As the Official Hospital of The PGA of America, HSS is at the PGA Championship in Rochester, NY handing out pedometers and encouraging spectators to walk the Oak Hill Country Club course.
In honor of the PGA Championship, Dr. Joshua Dines, orthopedic surgeon, answers readers’ questions on golf injuries.
Q1. What is the most common injury you see from golfers?
The most common injury I see in golfers is elbow epicondylitis (inflammation of the tendons originating at the inner aspect of the elbow) which is also known as Golfer’s elbow. However, an equal amount of my golfing patients develop lateral epicondylitis, which is classically referred to as tennis elbow. Essentially, overuse of the tendons on either side of the forearm, which commonly occurs with people who play and/or practice golf frequently, can result in epicondylitis. Personally, I specialize in shoulder, elbow and knee problems so the injuries I see are skewed to these body parts. Low back pain is also an extremely common golf injury.
Q2. I notice pain in my elbow when I swing the golf club. Could the problem be my swing?
Pain in the elbow can be the result of the player’s swing. Poor swing mechanics can cause increased stresses at the elbow potentially resulting in elbow pain. That said, many players with excellent swings still develop elbow pain. Too many good swings, or overuse, may be just as likely to cause elbow pain as less swings with poor mechanics. Not only should one focus on good swing mechanics, but players also need to be smart with regards to not making too many swings.
Q3. Are there any common misconceptions about how golf injuries are caused?
Unfortunately, golf injuries occur secondarily to a variety of causes ranging from overuse to poor mechanics to improper equipment. It is very important that players recognize all of the potential causes of injury so that they can prevent them as best as possible.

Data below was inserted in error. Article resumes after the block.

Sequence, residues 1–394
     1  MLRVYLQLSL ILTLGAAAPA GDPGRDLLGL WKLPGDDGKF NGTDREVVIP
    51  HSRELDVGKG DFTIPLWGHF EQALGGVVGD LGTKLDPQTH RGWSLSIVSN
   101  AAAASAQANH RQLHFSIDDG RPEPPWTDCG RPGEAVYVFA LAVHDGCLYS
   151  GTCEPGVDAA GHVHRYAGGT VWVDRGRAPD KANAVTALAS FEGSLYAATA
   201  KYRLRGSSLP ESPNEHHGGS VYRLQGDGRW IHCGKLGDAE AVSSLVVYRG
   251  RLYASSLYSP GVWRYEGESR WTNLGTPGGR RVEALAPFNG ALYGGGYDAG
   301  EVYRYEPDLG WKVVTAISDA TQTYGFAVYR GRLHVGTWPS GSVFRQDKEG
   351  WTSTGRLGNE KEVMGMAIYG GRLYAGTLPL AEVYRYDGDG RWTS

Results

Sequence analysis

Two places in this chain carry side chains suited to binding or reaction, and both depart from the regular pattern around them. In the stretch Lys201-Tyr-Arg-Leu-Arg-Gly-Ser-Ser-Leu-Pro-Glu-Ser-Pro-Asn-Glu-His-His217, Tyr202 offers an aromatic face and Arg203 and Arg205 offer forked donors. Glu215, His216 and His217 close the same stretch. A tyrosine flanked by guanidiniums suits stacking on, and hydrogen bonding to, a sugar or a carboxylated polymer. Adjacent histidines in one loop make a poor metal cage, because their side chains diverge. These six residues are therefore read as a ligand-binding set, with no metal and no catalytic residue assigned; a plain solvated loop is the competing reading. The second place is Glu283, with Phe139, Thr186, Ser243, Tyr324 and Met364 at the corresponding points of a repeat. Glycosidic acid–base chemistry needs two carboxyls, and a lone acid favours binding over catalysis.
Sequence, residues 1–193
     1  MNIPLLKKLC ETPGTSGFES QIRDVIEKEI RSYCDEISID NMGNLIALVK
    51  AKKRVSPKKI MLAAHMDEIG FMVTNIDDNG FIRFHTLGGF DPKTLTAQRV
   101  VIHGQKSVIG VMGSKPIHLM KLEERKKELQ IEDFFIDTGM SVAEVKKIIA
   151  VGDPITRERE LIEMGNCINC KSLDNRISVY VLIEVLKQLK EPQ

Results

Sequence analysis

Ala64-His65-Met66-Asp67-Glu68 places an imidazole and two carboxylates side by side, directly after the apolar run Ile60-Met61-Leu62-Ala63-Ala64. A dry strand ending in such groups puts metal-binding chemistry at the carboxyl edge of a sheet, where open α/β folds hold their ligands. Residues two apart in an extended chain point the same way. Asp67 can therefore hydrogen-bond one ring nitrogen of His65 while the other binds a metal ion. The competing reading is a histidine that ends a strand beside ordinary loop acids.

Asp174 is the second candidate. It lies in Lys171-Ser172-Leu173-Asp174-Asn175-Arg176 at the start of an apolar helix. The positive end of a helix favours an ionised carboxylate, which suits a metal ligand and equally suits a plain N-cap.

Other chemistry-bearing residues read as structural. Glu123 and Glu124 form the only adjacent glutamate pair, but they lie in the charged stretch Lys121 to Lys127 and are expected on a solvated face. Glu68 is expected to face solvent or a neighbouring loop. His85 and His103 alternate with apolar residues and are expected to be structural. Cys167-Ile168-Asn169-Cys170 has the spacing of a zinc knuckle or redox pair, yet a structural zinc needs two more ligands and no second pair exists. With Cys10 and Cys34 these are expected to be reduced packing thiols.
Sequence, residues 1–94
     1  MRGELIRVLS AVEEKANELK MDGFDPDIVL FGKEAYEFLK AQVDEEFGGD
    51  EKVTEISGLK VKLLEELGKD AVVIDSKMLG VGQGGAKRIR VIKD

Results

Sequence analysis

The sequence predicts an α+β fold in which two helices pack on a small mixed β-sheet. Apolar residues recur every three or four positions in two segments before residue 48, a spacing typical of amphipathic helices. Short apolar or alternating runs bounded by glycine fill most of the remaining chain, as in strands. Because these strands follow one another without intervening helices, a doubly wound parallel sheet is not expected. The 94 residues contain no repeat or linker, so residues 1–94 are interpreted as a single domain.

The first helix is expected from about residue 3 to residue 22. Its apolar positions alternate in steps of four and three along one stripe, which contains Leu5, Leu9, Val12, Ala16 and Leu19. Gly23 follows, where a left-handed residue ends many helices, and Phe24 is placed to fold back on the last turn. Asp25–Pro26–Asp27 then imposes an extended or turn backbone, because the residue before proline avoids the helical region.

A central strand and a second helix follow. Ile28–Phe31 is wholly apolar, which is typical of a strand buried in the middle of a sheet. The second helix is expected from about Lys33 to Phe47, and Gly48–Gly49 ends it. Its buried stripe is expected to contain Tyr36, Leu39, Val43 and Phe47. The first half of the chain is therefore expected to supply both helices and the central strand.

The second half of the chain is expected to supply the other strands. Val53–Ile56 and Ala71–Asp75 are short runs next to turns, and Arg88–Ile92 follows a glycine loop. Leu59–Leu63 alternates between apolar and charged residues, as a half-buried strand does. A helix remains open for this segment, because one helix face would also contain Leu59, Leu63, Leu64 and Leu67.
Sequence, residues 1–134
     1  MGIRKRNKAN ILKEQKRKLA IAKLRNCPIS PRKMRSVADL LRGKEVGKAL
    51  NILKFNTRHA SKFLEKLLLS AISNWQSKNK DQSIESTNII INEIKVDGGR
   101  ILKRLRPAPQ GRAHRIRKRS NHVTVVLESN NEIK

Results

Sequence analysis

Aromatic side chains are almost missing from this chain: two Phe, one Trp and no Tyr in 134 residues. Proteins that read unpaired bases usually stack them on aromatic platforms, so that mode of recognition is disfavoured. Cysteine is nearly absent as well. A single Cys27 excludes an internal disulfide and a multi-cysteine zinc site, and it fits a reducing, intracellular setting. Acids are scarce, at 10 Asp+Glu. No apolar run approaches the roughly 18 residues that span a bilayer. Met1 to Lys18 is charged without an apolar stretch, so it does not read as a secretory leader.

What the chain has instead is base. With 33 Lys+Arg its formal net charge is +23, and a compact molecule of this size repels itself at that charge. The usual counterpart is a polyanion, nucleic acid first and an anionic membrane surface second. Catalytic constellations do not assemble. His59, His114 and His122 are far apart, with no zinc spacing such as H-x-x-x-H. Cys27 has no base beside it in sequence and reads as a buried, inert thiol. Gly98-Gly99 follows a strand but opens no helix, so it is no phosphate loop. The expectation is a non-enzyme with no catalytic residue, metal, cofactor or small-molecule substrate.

Q4. I suffer from shoulder impingement but love golf. Do I have to stop playing or can I get by with modifications?
Shoulder impingement is a spectrum of pathology that typically involves rotator cuff tendonitis and bursitis. This condition often responds well to conservative treatment. In the mild stages, it isn’t unreasonable for one to continue playing with the help of some anti-inflammatory medications. However, if swinging a golf club is painful, rest and even an evaluation by a health professional would be prudent.
Q. How can golfers prevent shoulder injuries?
Golfers should focus on preventing shoulder injuries by stretching regularly. Rotator cuff strengthening and scapular stabilizing exercises should be done as part of your workout routine. Most importantly, golfers (like all athletes) must listen to their bodies. If your shoulder hurts, do not play through the pain. Rest and see a doctor.
Dr. Joshua Dines is an orthopedic surgeon and a member of the Sports Medicine and Shoulder Service at Hospital for Special Surgery. He is a team doctor for the U.S. Davis Cup tennis team, an assistant team physician for the New York Mets and a consultant for the Los Angeles Dodgers.